- Historic Sites
By Canoe To Empire
Paddling and portaging their way westward, pursuing the fur-bearing beaver in a trade where none but the hardiest could survive, the highhearted voyageurs and the enterprising Scots who led them opened Canada’s rich hinterland
October 1961 | Volume 12, Issue 6
This poem, written in soft music by a cultivated visitor to Canada, using the word “oars” instead of “paddles,” depreciates its subject. The Homer of the Iliad might have risen to the experience of the voyageurs, but not the sweet poet of Ireland.
After paddling and portaging the Ottawa as far as Mattawa, the canoes turned south toward Lake Nipissing. crossed it, and descended the French River into Georgian Bay. Then they paddled west along the North Channel above Manitoulin Island, working in the dead or choppy waters of the lake and often losing several days if the winds were contrary. The name they gave the wind was La Vieille (the old woman); if she was behind them they could raise sail. But if she was heavy against them—and the prevailing winds in the region are contrary to westbound canoes—they often had to put up on the shore because the high, steep waves of the inland lakes would break the backs of their canoes. When they went to Michilimackinac they were expected to reach their destination within a period of from thirty-five to forty days, and the same time was expected when they were bound for Grand Portage and Fort William. This voyage was accomplished with canoes fully loaded with trade goods, and there were thirty-six portages between Lachine and the Lakehead, some of them longer than a “league.” In the voyageurs’ language, a “league” was roughly two miles. If express canoes without cargo were used, as they sometimes were on special occasions, the time was much faster. A letter survives dated in Montreal on May 6, 1817, which was received at Rainy Lake beyond Fort William on June 3.
What these voyages involved in hardship, labor, and moral stamina can no more be revealed by the historian’s method of stating the facts than the truth of a battle can be conveyed by the communiqué issued by the high command after the fighting is over and the dead have been counted. From Julius Caesar to the public relations officers of the Pentagon, the truth of life and death has always been hidden behind facts and statistics. That is the trouble with history. It is probably an unavoidable trouble, but it certainly explains why so few people learn much from it. “Our men moved their camp, marched twenty miles, and at night they placed their camp in a suitable place”—how many of us welcomed lines like these when we were studying the Gallic Wars in school? They occurred so often we did not have to pause to work out the grammar. But they told us nothing of the realities.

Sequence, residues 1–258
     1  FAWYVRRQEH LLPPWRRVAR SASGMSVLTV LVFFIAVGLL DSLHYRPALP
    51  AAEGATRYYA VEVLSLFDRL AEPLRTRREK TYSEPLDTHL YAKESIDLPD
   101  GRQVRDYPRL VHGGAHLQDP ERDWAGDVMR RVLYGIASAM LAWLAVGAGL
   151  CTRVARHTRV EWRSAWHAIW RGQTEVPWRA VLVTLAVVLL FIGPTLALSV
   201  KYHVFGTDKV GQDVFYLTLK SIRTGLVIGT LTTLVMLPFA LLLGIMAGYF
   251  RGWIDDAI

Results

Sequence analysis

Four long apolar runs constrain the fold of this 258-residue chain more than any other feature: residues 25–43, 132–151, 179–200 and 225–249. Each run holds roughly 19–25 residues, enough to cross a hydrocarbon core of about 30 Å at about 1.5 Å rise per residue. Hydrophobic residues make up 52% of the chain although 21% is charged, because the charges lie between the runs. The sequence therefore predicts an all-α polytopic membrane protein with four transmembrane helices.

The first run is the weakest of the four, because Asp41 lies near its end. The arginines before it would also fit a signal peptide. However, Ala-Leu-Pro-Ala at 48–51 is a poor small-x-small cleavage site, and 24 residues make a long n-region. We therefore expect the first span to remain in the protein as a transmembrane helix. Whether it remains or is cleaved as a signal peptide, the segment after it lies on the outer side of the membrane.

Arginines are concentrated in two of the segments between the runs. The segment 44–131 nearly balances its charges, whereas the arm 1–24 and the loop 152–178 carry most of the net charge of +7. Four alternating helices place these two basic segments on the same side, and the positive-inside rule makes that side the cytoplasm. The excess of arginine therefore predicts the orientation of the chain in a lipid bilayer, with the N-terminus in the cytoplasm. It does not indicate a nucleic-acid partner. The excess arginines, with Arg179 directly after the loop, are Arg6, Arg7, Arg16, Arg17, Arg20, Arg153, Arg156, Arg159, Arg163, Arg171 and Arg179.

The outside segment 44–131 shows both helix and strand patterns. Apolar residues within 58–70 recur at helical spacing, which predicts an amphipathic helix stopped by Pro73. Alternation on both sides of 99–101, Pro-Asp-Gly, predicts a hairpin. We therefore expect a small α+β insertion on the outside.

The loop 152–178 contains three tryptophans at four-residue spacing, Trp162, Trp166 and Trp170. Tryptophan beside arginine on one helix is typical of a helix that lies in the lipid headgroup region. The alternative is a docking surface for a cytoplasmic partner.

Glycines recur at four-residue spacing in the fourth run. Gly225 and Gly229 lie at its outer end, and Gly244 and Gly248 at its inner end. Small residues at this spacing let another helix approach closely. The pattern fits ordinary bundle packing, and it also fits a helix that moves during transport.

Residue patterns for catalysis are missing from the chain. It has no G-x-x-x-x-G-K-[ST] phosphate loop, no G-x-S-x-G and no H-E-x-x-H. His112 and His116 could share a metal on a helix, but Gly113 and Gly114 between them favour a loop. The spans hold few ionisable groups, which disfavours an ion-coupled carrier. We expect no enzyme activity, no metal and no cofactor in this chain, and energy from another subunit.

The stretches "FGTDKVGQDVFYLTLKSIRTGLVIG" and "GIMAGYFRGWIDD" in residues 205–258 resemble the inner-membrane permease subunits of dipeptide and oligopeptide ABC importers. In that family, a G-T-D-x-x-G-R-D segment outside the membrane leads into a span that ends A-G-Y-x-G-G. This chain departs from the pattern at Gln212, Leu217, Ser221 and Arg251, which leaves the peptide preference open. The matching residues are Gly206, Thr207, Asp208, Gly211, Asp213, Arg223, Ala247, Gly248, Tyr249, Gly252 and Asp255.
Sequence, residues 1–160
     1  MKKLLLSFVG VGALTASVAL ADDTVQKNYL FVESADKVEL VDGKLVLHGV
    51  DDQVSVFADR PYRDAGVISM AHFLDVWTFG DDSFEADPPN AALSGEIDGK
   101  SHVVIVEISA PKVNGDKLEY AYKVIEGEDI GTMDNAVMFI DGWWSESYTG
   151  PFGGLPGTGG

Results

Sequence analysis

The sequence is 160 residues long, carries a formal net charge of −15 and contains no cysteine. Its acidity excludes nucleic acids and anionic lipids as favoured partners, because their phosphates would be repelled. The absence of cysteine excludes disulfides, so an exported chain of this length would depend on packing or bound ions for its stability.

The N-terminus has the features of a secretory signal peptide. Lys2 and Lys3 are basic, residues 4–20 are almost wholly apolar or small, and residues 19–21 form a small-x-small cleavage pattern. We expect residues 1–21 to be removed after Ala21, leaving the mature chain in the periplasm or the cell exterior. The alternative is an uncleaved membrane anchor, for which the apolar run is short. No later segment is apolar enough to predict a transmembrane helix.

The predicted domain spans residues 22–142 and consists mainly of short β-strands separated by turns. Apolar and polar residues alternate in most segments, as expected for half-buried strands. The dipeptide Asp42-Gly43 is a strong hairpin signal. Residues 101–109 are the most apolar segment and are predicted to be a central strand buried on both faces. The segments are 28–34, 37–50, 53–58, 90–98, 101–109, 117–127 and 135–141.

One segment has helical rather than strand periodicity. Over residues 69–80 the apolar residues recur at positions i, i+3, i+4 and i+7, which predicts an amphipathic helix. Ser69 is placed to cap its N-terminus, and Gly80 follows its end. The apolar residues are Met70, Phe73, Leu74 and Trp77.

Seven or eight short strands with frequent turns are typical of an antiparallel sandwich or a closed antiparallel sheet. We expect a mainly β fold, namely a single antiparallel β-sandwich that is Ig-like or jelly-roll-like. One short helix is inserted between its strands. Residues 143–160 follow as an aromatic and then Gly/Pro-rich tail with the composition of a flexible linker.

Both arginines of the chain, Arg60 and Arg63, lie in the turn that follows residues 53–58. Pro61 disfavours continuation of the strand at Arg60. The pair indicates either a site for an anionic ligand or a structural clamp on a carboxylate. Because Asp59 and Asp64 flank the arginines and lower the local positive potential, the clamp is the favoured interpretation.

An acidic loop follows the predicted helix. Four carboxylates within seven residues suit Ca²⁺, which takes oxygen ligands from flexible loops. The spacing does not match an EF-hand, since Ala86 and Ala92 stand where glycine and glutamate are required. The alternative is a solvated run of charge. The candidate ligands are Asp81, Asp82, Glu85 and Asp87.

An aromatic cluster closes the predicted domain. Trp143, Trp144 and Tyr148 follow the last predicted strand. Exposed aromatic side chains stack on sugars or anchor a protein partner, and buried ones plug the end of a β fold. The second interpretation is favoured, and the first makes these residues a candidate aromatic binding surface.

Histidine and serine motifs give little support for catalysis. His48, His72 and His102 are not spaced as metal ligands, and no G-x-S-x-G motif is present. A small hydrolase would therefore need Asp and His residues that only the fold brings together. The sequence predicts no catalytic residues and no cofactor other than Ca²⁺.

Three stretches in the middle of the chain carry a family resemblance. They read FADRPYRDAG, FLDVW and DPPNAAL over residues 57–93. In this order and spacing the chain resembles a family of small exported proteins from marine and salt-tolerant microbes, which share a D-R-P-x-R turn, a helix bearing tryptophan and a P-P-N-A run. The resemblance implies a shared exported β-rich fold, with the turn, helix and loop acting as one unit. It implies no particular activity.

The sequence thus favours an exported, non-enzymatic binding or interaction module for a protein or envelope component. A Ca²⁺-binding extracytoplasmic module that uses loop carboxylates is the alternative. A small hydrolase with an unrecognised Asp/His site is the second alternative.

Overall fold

On every step of that twenty-mile march, probably through hostile country, the legionaries had to carry their weapons and food, their armor and personal necessities, a total weight close to a hundred pounds per man. When the “suitable place” was reached, it was usually on a hill with a forest nearby. While one detachment marked out the lines of the camp, another dug a trench about it, and still another went into the woods to cut trees. After the trunks had been trimmed, sawed up, and sharpened at one end, they were dragged to the suitable place and staked into the ground just behind the lip of the trench. Only after all this work was done could the soldier wrap himself in his cloak and fall asleep on the ground.
A similar recovery of reality is essential if any modern man is to understand the truth about life on the Canadian rivers in the voyaging days.
On May 25, 1793, a young Scot called John Macdonell set out from Lachine on his first voyage with a brigade of the North West Company. He has left a diary of that voyage written in the usual terse language of the communiqué, and he has also recorded, with the distances distinctly stated, the nature of each of the thirty-six portages between Montreal and Grand Portage—here the carrying place was nine miles long—as well as the character of the streams and lakes. With the help of the imagination, the record is a fascinating one, the more so because this was a routine voyage.
On this stage of the journey into the west, the larger canoes carried loads varying from three tons to four and were manned by crews of eight or ten men. The middle men, using short paddles, sat two abreast while the bowman and steersman were placed higher and were equipped with paddles much longer. The Montreal canoe was thirty-five to forty feet long made entirely of the bark of yellow birch placed over ribs of thin white cedar with thwarts numbering between four and nine, and boards four inches wide secured just below the gunwales as seats for the paddlemen. The bark was secured by melted pine gum, and after a heavy rapid or a day’s paddling the seams had to be re-gummed to prevent leaking. The canoe used by Alexander Mackenzie, and specially designed for his exploration of the Rockies, was so light that it could be carried by two men. But the weight of a large canoe out of Montreal was much greater than this, and required at least four men to portage it. The whole operation of portaging brings up an interesting calculation in the mathematics of labor, sweat, and tired muscles.